10 Must-See Twin Cities Art Exhibits in Fall 2022

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‘Botticelli and Renaissance Florence: Masterpieces from the Uffizi Gallery’

Renaissance Florence arrives in Minneapolis through an exhibition coming directly from the Uffizi Galleries in Italy. The exhibition features rare paintings and drawings by Sandro Botticelli, including “Pallas and the Centaur”, as well as works by his teacher Fra Filippo Lippi and his colleagues Domenico Ghirlandaio, Cosimo Rosselli and Pietro Perugino. (Oct. 16-Jan. 8, Minneapolis Institute of Art, $16-$20, free for youth 17 and under, artsmia.org)

‘Das Fundbuero – Civic Education Lessons’

Toledo-born, Minneapolis-based artist Monica Sheets’ exhibition, which translates to “Lost and Found Office,” explores civic participation and history through a collection of archive of documents and objects from East Germany and the United States. (Nov 19-Feb 26, Minneapolis Institute of Art, free, artsmia.org)

‘Respirators’

Born in Hong Kong and raised in Omaha, Paul Chan is known for his work as a political activist and artist, but has taken a break from the art world over the past decade to focus on his press. experimental Badlands Unlimited. This major exhibition at the Walker Art Center, his first since “breathing” began circa 2009, marks his return to art through 40 installations, including paperbacks, e-books, zines and more published by Badlands , and a series of sculptures powered by fans. “animated by the breath” reminding people of the inflatable tube. (Nov. 17-July 16, Walker Art Center, 725 Vineland Place, Mpls., $2-$15, walkerart.org)

“Horrified”

Fear not in this exhibition exploring the role of women in the horror genre through fiber-based mediums. The eight performers in this show, all part of The Snips collective, consider popular horror tropes such as the “last girl,” the last person in a horror movie who has to confront the killer. (October 21-29, Squirrel Haus Arts, 3450 Snelling Ave., Mpls., $10, squirrelhausarts.com)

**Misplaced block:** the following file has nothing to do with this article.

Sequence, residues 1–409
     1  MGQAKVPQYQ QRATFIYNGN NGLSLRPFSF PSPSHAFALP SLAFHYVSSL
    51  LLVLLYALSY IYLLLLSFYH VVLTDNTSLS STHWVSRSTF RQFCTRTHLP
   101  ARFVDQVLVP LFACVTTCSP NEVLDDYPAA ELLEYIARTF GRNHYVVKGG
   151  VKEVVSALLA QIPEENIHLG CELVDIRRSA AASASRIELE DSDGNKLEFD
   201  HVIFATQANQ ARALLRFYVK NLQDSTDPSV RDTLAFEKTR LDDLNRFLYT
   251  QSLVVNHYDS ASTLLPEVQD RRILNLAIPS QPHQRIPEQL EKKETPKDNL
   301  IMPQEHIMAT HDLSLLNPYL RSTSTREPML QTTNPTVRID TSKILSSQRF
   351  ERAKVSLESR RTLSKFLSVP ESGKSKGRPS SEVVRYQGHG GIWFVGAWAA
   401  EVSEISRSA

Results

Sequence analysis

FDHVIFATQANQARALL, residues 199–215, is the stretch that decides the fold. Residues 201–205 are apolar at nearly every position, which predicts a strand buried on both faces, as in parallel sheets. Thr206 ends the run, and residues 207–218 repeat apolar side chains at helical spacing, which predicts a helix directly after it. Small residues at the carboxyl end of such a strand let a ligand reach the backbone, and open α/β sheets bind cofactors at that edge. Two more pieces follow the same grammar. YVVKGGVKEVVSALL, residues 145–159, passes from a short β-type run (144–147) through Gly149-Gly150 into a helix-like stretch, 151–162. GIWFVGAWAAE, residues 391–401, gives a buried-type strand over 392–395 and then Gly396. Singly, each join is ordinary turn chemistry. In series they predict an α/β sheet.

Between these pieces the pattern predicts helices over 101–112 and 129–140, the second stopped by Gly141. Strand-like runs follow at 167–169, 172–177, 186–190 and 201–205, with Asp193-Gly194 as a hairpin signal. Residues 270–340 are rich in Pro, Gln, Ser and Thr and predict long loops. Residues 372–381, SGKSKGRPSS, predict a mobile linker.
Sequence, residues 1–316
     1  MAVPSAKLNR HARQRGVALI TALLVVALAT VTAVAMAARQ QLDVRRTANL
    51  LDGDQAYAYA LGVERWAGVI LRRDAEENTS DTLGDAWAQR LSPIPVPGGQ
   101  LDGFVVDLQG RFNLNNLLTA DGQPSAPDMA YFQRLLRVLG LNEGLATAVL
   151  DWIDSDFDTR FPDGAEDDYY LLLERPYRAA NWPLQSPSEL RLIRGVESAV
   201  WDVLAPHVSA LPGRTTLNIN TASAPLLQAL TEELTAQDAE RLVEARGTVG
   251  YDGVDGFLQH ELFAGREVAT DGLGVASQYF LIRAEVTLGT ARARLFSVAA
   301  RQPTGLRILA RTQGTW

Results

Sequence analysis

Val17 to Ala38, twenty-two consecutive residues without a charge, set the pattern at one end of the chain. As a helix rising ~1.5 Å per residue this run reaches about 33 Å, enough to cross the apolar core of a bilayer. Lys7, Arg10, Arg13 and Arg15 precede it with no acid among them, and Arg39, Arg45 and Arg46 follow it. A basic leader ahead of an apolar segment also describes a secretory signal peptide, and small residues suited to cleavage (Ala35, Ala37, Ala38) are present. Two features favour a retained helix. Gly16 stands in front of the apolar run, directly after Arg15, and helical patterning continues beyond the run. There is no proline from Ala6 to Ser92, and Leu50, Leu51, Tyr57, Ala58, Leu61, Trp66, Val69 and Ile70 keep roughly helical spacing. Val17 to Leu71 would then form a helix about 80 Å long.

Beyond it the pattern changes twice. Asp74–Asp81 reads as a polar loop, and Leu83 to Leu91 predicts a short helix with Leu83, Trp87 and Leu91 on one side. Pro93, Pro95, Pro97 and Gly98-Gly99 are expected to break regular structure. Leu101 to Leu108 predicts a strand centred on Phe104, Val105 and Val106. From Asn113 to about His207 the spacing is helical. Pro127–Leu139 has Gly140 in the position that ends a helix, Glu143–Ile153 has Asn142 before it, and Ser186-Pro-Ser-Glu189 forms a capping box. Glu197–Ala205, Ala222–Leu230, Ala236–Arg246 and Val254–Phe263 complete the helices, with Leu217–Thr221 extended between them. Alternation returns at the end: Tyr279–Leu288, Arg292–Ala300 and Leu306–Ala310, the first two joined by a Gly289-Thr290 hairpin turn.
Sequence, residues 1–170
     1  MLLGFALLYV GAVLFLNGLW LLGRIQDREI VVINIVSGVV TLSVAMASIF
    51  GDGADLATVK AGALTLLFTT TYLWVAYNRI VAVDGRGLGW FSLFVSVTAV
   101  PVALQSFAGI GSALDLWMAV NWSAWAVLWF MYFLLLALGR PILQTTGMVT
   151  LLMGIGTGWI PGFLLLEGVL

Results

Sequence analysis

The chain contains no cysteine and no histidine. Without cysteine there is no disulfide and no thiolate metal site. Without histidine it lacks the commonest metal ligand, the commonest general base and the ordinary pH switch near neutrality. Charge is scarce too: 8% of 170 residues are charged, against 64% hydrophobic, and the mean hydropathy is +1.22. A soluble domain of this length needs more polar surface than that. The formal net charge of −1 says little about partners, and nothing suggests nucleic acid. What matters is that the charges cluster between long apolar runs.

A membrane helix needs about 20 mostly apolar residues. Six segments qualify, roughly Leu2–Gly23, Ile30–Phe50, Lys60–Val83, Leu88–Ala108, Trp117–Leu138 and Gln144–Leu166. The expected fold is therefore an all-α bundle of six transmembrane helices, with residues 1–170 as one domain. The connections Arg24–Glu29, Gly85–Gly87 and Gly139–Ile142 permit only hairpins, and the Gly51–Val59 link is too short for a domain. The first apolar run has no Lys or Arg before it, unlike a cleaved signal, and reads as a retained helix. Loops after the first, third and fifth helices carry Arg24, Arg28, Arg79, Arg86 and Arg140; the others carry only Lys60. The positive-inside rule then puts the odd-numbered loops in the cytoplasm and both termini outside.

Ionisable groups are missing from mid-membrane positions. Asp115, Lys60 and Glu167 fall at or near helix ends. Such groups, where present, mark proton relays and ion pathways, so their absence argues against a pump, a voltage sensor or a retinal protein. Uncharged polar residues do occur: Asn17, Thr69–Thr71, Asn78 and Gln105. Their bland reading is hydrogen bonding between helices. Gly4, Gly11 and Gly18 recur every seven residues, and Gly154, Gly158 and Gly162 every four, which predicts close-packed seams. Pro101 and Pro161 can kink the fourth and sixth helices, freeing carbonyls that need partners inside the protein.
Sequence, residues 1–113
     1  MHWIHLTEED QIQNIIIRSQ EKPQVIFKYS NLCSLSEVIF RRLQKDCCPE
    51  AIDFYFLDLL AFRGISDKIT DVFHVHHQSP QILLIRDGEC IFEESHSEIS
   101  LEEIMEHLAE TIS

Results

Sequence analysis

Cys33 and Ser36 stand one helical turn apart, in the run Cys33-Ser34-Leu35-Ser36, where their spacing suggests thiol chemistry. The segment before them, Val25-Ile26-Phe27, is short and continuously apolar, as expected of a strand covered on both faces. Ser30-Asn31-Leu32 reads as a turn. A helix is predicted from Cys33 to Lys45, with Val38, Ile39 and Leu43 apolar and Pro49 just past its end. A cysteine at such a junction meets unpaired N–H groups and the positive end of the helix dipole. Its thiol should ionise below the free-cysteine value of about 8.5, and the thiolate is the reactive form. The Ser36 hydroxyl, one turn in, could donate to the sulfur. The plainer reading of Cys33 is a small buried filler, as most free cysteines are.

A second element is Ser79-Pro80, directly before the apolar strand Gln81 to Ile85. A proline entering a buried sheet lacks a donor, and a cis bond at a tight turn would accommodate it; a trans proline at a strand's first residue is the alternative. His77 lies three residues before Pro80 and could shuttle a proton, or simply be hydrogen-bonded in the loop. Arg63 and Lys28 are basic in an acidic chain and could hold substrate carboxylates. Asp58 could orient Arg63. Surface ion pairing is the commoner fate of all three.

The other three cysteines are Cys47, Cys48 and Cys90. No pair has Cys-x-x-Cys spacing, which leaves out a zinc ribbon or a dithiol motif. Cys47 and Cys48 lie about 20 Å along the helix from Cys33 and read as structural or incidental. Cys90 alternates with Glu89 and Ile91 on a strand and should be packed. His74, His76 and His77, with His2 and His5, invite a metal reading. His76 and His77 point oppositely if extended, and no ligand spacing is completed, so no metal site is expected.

Twin Cities Arts Week

The first-ever Twin Cities Art Week, hosted by Northeast Minneapolis’ Dreamsong Gallery, brings together 23 art venues across Minneapolis and St. Paul. Artist talks, film screenings, live performances, exhibition tours and more will take place over four days. Highlights include artist Angela Two Stars will take a guided tour of Rosy Simas Dance’s exhibition “She Who Lives on the Road to War” at All My Relations, a live engraving demonstration with Mike Marks at Burnet Fine Art & Advisory, and a conversation at TOA Presents between artist Kim Benson and Minneapolis Institute of Art curator Robert Cozzolino. (October 12-16, tcartweek.org)

“Dissolve Margins”

The duo exhibition by artists Julia Haft-Candell and Maria Kozak refers to the term “smarginatura”, at the heart of the literature of the Italian writer Elena Ferrante and translated as “margins of dissolution”. Inspired by the occult and the esoteric, Kozak’s paintings manipulate color fields until forms emerge, and Haft-Candell models clay objects into shapes that develop over many years. (Oct. 29-Dec. 12, Dreamsong Gallery, 1237 4th St. NE, Mpls., dreamsong.art)

50 years celebration

Longtime Minneapolis gallery owner Douglas Flanders celebrates 50 years in the gallery business with an exhibition. The exhibition includes works by some of Flanders’ favorite artists, such as Louise Gillis, George Morrison, Pablo Picasso and Donna Bruni. The gallery moved from its flagship location on Lake Street in Minneapolis to Edina in late 2020. (Sept. 10-Oct. 22, Douglas Flanders & Associates Fine Art Gallery, 5025 France Av. S., Edina. Flandersart.com)

‘Kindred Spirits: Three Indigenous Artists Who Speak Through Beads’

Traditional clothing by Walter Super LaBatte (Sisseton Wahpeton Oyate), paintings by Sarah McRae (Red Lake Nation), and wall art and clothing by Douglas Limón (Oneida Nation) all use beads and their works will be displayed in this exhibition. (Sept. 15-Oct. 20, Gordon Parks Gallery at Metro State, 645 7th St. E., St. Paul, metrostate.edu)

‘I am / perfect sleep’

Textile artist and researcher Katya Oicherman knows that something is keeping you up at night. In her series of events and installations at M, the artist brings together various artists, writers and cultural workers who explore sleep and what it means to be in bed. (Nov 19-Apr 30, Minnesota Museum of American Art, 350 N. Robert St., St. Paul, free, mmaa.org)

“African Studies”

Photographer Edward Burtynsky documents the effects of large-scale industrial projects on the environment, suggesting the devastating changes to come if action is not taken soon. This project includes 14 large format photographs of resource mines in South Africa and Botswana, salt ponds in Senegal, sulfur springs in Ethiopia and more. (Opens Oct. 28, 6-8 p.m., closes Dec. 30, Weinstein Hammons Gallery, 908 W. 46th St., Minneapolis, free, weinsteinhammons.com)

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